Terrorists strike at Luxor

Friday 12/06/2015
Security heightened after incident as tourists are again at the site

TUNIS - Militants set off a bomb in a taxi near a tour­ist site in Luxor, the second time in eight days jihadist groups targeted visitors at a historic loca­tion in Egypt.
Two men -- both suspected assail­ants -- died in the June 10th attack and four people, including two po­lice officers, a civilian and a third al­leged militant, were wounded.
Egyptian authorities said they were introducing new security measures to protect ancient sites. Karnak temple Director Moham­med Abdel-Aziz said after the attack that the monument “is safe and un­affected and visitors continue to ar­rive”. In fact, four groups visited the site after the attack, officials said.
However, it was the third attack on a tourist attraction in North Afri­ca in the last several months. Three assailants opened fire at the Bardo Museum March 18th in Tunis, kill­ing 20 tourists and two Tunisians. On June 3rd, two policemen were killed at the Giza pyramids outside Cairo in a drive-by shooting.
Action by security personnel lim­ited the toll at the June 10th inci­dent at the ancient Karnak temple in Luxor, a site visited by millions each year, by searching a taxi. One of the men in the vehicle set off a bomb, killing himself. Two other men fired at police. One of them was killed.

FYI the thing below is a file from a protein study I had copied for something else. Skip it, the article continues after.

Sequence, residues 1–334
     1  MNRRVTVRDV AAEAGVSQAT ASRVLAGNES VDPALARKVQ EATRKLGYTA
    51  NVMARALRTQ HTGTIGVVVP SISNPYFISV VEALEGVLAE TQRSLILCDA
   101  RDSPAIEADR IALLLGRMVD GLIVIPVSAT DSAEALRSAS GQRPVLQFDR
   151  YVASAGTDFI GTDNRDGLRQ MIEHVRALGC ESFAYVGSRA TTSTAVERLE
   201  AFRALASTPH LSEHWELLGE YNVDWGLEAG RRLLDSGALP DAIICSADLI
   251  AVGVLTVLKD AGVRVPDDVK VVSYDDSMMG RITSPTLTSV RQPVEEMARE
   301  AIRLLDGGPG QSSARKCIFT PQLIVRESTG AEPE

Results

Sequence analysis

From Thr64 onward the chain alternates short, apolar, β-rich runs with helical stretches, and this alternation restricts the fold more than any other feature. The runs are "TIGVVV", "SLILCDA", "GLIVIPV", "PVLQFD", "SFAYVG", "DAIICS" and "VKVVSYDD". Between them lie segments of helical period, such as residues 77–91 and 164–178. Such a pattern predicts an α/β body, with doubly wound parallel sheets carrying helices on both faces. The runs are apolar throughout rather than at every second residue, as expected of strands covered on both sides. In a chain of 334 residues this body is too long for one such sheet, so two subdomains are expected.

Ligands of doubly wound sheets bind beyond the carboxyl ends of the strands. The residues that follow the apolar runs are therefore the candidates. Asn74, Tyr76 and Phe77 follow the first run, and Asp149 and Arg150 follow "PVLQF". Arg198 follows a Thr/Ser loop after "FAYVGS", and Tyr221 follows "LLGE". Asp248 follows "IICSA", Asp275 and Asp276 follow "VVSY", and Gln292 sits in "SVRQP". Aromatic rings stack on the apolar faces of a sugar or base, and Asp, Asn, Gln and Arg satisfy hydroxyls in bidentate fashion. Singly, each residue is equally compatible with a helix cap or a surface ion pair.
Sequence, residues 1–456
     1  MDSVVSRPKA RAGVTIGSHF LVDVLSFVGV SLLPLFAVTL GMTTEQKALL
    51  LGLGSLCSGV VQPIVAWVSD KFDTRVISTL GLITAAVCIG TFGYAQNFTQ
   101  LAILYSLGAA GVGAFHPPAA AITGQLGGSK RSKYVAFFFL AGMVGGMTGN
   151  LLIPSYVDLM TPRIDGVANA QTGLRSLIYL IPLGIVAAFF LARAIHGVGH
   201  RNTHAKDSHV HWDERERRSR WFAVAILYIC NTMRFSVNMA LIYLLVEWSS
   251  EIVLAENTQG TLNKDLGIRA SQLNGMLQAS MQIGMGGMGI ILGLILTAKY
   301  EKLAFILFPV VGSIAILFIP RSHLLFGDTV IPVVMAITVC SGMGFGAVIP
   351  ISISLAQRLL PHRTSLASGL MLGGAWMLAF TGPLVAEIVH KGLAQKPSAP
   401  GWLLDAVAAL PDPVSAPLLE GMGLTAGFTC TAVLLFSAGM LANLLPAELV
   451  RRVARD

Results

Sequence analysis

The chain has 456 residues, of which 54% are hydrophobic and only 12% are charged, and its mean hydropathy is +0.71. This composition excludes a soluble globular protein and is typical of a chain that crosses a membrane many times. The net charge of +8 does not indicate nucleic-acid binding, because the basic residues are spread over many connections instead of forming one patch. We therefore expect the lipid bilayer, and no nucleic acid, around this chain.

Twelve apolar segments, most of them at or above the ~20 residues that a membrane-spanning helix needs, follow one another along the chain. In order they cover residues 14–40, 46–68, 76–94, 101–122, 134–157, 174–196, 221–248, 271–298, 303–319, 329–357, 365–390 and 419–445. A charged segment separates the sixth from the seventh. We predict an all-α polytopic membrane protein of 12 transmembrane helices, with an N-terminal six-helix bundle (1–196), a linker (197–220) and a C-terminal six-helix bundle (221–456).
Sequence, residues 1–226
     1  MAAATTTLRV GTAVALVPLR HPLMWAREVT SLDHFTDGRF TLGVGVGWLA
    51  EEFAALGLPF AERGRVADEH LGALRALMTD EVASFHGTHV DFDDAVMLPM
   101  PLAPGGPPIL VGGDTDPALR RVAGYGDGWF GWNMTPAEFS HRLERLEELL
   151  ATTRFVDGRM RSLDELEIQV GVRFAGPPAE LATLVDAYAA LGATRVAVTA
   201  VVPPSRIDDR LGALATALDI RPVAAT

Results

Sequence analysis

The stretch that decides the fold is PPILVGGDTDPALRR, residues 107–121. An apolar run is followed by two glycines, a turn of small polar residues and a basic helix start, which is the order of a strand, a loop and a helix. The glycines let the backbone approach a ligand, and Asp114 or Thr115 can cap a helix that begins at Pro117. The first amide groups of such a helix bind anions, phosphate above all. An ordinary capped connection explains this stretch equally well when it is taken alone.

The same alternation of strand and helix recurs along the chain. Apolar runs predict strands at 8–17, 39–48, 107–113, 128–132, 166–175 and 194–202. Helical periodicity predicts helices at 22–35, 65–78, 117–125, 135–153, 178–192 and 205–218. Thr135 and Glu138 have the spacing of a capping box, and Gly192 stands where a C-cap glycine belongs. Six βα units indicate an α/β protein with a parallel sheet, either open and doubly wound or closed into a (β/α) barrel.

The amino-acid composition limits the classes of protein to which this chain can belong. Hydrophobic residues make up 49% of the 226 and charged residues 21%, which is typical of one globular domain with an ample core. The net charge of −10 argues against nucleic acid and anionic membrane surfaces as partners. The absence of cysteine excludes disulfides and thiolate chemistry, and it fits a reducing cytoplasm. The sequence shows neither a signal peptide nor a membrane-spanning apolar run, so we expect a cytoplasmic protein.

There was no immediate claim of responsibility but Egypt has a his­tory of Islamic militants targeting foreign tourists since the 1990s. The deadliest attack occurred in Luxor in November 1997, when militants attacked tourists at the 3,400-year-old Hatshepsut temple, killing 58.
In 2005, bombs exploded in a ho­tel at the Red Sea resort of Sharm el-Sheikh, killing 64 people, mainly tourists.
Last year, the main Sinai-based insurgent group, Ansar Beit al- Maqdis, pledged allegiance to the Islamic State (ISIS). In Syria and Iraq, ISIS has destroyed archaeolog­ical artefacts, deeming them “idola­trous”.
The recent attacks on Luxor and Giza could mean a new focus by ji­hadists. Mathieu Guidere, French strategic expert, said the aim of the jihadists is “to weaken the Egyptian economy by destroying the tourism industry” and to have “the maxi­mum media impact”.
The Luxor attack comes as tour­ism has been showing signs of re­covery in Egypt. Before the 2011 uprising that toppled the regime of Hosni Mubarak, tourism annually accounted for about 20% of Egypt’s foreign currency revenues and at­tracted as many as 14.7 million tour­ists.
After 2011, the number of tour­ist arrivals dropped to 9.6 million. Tourists have slowly been returning and officials say tourism revenues rose to $4 billion in the first half of 2015, compared to $1.9 billion in the same period in 2014.
Egyptian Tourism Minister Khaled Ramy said he expects the in­dustry’s slow recovery to continue despite the attack. “Security forces were there. It’s a very important message to everyone,” he said.

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